Tue, 22/03/2016 - 15:50
CMS’s 8th annual M&A Study predicts an uncertain year despite the record levels of deal value in 2015. In the study, CMS analyses over 2,000 of its non-listed European public and private company deals between 2010 and 2015.
The uncertainty is attributed to a number of grey or black swan events including the long predicted slowdown of China’s economic growth and the greatest migration to Europe for a century across a fragile Schengen zone. The report also indicates that US interest rates and the clampdown on inversion deals, the divisive US election, a more aggressive corporate tax climate and the says: “We have moved into a less stable environment in 2016 after a record year for M&A in 2015, but the major strategic moves made in so many industries in 2015 are bound to elicit a forthright response from competitors. Opportunities for decisive M&A continue.”
“Martin Mendelssohn, CMS UK Corporate Partner, adds: “We have had five years of increasing stability in the private M&A market with parties concentrating their energy on price certainty. There have been seller-friendly outcomes for standard risk allocation issues during that period. But now, the uncertainty of Brexit has slowed down the market. The outcome of the UK EU referendum is not the sort of thing that can be legislated for in private M&A sale and purchase agreements. With so many implications, we just have to await the outcome.”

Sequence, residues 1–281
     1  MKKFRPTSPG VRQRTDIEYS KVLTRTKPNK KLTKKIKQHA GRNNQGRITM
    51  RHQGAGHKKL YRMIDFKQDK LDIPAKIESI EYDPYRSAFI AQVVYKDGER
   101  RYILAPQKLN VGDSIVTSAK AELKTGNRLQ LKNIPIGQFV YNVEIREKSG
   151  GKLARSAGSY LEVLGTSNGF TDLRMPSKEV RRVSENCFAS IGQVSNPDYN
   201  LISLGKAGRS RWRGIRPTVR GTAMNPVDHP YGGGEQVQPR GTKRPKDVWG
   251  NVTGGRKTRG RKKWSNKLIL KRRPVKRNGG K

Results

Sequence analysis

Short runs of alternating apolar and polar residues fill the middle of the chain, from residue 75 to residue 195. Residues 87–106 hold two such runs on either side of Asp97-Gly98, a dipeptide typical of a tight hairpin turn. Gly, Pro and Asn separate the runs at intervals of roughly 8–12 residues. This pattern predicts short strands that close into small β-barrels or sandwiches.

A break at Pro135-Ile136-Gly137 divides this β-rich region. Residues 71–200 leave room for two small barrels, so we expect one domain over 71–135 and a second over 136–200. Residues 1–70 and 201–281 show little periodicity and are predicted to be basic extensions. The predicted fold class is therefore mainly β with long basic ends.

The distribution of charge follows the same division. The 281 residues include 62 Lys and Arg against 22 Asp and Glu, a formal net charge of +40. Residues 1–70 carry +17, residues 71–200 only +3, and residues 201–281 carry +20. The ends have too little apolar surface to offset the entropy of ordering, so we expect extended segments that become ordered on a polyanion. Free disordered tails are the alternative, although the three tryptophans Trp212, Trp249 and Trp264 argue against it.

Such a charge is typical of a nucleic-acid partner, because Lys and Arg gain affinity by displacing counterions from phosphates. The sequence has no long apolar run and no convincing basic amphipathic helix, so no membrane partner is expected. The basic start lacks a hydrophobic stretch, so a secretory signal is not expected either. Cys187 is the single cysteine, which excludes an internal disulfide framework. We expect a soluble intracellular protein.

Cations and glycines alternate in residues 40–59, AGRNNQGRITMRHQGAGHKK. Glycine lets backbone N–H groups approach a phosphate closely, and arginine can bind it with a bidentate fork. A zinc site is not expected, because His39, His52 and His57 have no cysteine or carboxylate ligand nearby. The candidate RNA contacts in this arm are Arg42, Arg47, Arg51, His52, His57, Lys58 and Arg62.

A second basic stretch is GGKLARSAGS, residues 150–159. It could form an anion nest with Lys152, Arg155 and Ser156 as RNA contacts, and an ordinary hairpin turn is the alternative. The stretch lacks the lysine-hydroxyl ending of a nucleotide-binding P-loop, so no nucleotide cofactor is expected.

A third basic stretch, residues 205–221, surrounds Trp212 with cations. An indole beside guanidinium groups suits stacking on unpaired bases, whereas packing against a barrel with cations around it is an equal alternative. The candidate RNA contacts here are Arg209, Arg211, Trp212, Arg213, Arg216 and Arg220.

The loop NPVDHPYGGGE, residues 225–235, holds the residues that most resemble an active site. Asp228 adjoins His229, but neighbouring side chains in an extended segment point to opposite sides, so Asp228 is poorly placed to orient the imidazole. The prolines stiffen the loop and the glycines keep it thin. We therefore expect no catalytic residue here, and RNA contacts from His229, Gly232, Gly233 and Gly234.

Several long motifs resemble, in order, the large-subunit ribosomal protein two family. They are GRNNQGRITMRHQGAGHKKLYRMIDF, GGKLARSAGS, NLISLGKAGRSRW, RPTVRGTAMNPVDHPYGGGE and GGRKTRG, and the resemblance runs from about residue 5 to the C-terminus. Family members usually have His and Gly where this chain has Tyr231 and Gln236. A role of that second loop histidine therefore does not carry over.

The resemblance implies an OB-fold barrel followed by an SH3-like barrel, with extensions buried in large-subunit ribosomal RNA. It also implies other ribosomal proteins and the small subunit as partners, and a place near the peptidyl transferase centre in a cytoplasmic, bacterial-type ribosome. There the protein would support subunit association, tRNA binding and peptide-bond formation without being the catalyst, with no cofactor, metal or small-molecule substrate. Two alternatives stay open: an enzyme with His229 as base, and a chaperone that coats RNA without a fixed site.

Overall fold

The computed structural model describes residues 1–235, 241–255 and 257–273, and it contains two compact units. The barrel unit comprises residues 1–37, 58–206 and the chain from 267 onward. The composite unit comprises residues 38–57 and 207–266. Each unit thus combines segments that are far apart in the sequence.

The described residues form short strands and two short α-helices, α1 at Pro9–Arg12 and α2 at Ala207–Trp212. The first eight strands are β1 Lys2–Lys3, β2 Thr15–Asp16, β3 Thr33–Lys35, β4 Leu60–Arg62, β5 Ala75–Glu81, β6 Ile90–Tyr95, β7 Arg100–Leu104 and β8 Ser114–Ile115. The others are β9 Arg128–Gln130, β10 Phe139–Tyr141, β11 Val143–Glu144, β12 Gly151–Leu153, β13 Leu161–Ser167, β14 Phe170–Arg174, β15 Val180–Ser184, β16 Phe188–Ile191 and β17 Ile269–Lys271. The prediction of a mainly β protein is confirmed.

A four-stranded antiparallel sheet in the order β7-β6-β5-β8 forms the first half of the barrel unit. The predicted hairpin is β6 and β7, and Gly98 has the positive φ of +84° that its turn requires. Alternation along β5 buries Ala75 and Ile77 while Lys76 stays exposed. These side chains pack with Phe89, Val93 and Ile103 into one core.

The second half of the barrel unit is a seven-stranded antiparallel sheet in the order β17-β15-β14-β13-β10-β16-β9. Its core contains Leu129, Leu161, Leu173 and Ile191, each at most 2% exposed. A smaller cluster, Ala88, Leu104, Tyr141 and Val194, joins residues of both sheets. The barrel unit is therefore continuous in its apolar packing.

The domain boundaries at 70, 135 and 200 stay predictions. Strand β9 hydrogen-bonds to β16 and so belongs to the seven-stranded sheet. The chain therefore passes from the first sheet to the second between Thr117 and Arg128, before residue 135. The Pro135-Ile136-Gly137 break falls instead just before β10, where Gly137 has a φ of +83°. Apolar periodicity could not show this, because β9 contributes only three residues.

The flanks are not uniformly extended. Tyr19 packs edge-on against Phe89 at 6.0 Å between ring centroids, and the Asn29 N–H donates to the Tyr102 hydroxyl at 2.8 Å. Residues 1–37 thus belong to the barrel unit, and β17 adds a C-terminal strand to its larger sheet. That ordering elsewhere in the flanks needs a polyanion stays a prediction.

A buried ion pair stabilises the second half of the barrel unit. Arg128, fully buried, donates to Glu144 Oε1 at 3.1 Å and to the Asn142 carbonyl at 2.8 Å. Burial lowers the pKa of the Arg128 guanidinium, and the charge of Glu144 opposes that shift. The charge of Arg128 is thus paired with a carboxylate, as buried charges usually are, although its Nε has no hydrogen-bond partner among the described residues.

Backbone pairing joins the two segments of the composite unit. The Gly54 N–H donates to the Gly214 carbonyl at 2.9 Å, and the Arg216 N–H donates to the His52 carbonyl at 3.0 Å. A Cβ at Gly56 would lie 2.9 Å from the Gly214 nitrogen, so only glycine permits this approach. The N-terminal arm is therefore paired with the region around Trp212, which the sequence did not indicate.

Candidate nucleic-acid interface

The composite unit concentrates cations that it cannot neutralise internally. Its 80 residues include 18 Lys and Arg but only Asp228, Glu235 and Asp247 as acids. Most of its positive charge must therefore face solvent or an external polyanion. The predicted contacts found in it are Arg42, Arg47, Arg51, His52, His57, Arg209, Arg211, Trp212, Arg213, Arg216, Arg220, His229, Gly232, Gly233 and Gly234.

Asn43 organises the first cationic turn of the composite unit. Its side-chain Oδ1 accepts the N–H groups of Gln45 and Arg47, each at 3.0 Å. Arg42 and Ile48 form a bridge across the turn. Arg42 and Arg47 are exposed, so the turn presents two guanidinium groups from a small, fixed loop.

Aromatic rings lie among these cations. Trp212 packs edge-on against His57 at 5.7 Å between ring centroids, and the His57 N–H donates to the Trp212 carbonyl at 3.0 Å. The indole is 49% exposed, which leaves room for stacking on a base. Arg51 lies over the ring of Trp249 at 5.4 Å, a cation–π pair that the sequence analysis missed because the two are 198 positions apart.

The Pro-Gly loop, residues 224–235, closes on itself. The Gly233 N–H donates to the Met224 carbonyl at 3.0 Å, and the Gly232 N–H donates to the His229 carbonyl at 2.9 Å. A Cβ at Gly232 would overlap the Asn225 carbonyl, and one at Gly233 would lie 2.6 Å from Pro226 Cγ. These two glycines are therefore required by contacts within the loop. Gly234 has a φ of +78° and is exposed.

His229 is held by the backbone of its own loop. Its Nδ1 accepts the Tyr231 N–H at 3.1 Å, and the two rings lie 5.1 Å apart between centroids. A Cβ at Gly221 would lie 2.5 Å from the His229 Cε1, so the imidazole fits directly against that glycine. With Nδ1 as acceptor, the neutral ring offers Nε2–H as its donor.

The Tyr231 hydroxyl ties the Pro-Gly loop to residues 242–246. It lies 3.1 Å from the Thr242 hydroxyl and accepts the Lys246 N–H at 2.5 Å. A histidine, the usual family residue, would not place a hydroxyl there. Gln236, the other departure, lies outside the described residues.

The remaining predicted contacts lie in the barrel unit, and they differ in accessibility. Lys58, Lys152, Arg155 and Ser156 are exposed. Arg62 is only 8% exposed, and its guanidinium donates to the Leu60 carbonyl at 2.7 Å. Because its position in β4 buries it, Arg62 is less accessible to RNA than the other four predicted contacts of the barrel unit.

The study revealed that deal value in Europe was up 22 per cent in 2015 to EUR 990 billion compared to 2014, despite a drop in volume of 6 per cent. 2015 also saw the highest final quarter on record with deal value exceeding EUR 420 billion. Although deal volume declined overall by 6 per cent, CMS transacted 13 per cent more deals in 2015 than the previous year.
The study found that buyers, in general, had to pay more to complete deals and spent more time and energy negotiating price. This can be seen from the increasing number of transactions which had a focus on the pricing provisions. In 2015, 49 per cent of deals had a purchase price adjustment provision compared with 43 per cent in the previous five years. 56 per cent of the remainder had a ‘locked box’ term (compared with just 41 per cent in the previous five years), a ‘locked box’ being another indicator of price focus. Meanwhile, buyers were more relaxed about other risk allocation provisions, with sellers being able to negotiate lower liability caps and limitation periods compared with the previous five years.
The availability of warranty & indemnity (W&I) insurance protects buyers against unknown risk on M&A deals. W&I insurance has increasingly become mainstream in 2015, alleviating risk for sellers and buyers alike.
The study also highlights fundamental differences between US and European practice which continue to apply on risk allocation for sellers and buyers on private M&A deals.
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